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Album Review: Sylar – Seasons

There’s nothing more rewarding than seeing beloved artists step outside of their comfort zone, take chances, and fucking kick ass at it. New York metal-core band Sylar have outdone themselves with Seasons, released at midnight via Hopeless Records. Following the success of their previous release Help! (2016), the third album overwhelming sets a new standard for Sylar while also giving new face to the band’s lyrical voice and sound.

Title track “Seasons” gives a formal introduction to the record, revealing the band’s recognition of the wounds needing attention that unravel and unfold over the next 37 minutes. If Seasons could start off subtle yet alarming, the band nailed it. An explosive intro of the classic metal sound sends the trademark rapping style off like a spreading wildfire. First single “All Or Nothing” tackles on the demons and shuts down the fear built within. The power anthem not only reminds me of a youthful Hed (PE) mashed with Linkin Park, but also builds curiosity and inspiration as the new elements of their sound come out of hiding.

“No Way” is a slightly softer track that maintains a steady beat throughout despite the mix of rap verses and singing-like chorus. Lighter airy tones lurk in the background while catchy drum beats are the center of attention. The track stays on a positive note that “if we can get through this / we can get through anything.”

The softer tracks continue with “Wait For You,” a personal favorite. A whimsical and beautifully haunting intro of chimes and keys echo, leaving a trance on the listener until the thick bass line and synth beat kick in. The track almost feels like a freestyle before the dearing and heartwarming chorus melt the listener’s heart. The subject remains the focus as a signal of hope while those of an intimate relationship stands strong, not giving up on the other person.

High energy numbers like “SHOOK!” and “Same Dance” provide great contrasts to break up from being a completely heavy album lyrically. “SHOOK!” tickles my funny bone, playing a pun on the “millennial lingo.” This headbanger has an offset pattern of high and low-pitched guitars and crashing cymbals that drive the immense energy. The track is definitely a bop, almost feeling like a 90’s throwback and is guaranteed to be perfect for live shows. The subtle/muted guitar licks during the pre-chorus and badass mini drum solo when the bridge moves into the last chorus really set this track off. Sylar shows they’re well aware of their transformation and new-found style and do not give a damn what anyone has to care or think. “Same Dance” almost seems too coincidental sound wise to be anything but a throwback/continuation of “Assume.” The distorted guitars find a groove in the beat while the “shut the fuck up” and other screams in the background cross-reference back.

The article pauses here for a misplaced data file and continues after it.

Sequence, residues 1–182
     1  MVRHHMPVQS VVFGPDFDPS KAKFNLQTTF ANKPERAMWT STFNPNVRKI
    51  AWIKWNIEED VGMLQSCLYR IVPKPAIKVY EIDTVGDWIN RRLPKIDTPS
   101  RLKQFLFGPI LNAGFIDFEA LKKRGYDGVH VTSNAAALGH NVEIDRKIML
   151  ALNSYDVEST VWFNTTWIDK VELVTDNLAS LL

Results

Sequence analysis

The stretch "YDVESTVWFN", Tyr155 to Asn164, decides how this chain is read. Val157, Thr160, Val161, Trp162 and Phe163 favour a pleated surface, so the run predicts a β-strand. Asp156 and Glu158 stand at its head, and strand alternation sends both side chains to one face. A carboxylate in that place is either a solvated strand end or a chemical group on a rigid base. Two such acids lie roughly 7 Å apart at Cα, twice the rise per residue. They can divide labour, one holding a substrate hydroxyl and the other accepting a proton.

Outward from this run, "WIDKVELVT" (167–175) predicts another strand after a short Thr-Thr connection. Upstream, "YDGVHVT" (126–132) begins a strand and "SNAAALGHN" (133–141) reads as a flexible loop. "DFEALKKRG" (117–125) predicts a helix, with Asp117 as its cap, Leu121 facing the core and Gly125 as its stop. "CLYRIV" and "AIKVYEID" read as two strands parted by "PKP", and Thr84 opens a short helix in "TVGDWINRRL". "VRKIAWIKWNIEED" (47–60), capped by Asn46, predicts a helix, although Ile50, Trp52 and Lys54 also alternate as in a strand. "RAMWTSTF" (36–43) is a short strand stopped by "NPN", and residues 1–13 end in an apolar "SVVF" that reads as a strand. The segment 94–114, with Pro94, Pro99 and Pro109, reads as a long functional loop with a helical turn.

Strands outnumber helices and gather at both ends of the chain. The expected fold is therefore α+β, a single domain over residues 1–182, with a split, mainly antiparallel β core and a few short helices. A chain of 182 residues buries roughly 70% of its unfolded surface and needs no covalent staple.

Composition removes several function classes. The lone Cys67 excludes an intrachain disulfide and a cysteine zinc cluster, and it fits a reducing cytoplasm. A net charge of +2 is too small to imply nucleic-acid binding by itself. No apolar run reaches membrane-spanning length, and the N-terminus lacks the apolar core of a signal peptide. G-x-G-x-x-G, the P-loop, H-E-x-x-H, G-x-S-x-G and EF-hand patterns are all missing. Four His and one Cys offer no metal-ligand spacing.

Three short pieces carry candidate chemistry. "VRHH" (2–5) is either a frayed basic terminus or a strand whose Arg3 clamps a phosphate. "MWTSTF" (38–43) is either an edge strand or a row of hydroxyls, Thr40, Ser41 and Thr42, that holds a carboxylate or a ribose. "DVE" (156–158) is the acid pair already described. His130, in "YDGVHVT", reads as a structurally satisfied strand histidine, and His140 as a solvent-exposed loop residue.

“sickminded” does an excellent job painting the picture of mental illnesses such as depression, bi-polar disorder, and anxiety. The dual layers give the illusion of two voices talking to each other; the “blurryface” plants the seed of the thought cycles and the true self’s voice pours out the honesty and pain that derives from the product. The track is more on the symphonic side with strings and continuous higher pitched guitar, such as those found in “SHOOK!”.  Influences of Linkin Park‘s “Somewhere I Belong” mash with resemblances of the bridge of “Dark Daze,” maybe carrying a slightly slower tempo. It’s remarkable the way Sylar is able to represent the constant battle many struggle with.

Other honorable mentions are “Giving Up” and “Doubt Me,” as they both carry the same feelings are the previously mentioned track. “Giving Up” has undeniable relatability that softens the blow of feeling alone. This track is going to save so many people who turn to music for help and comfort. The powerful drums and layers of chanting dance with the spiraling guitars as front-man Jayden Panesso cries out “don’t want to be damaged / don’t want to be worthless.” The record closes with “Doubt Me,” an 80’s-esque meets Halloween intro meets metal track. The band keeps the same heavy elements they’ve always carried but definitely add a ghoul-like effect to the vocals. There’s a great contrast with the higher guitar tones against the rough bass. Despite the negative thoughts, the message is knowing the self is strong enough to keep holding on and knowing his/her purpose and calling in life. “No one said it would be easy / but it’s not for nothing.”

And that’s the attitude that shines bright throughout Seasons. Sylar shows resilience and strength with the flawless playlist that is guaranteed to surprise the listener with each track. As the layers of Sylar are revealed, the band can only hope fans can appreciate the new voice and sound. Hold your heads high and keep your eyes on the prize, Sylar, because this record is monumental and something to be proud of.

Stay connected with Sylar:
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Compositions - 90%
Breaking Ground - 95%
Engagement - 95%
Lyrical Voice - 95%
Production - 88%

93%

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About Tara Shea

Kitchen Designer by day, Concert Photographer/Writer by night. 24. Arkansas.

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